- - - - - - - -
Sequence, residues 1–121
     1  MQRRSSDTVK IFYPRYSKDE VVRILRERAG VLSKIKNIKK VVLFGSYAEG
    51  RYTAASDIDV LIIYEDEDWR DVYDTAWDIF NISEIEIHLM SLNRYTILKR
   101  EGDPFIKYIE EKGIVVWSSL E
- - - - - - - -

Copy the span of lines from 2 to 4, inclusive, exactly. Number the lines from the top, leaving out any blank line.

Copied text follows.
     1  MQRRSSDTVK IFYPRYSKDE VVRILRERAG VLSKIKNIKK VVLFGSYAEG
    51  RYTAASDIDV LIIYEDEDWR DVYDTAWDIF NISEIEIHLM SLNRYTILKR
   101  EGDPFIKYIE EKGIVVWSSL E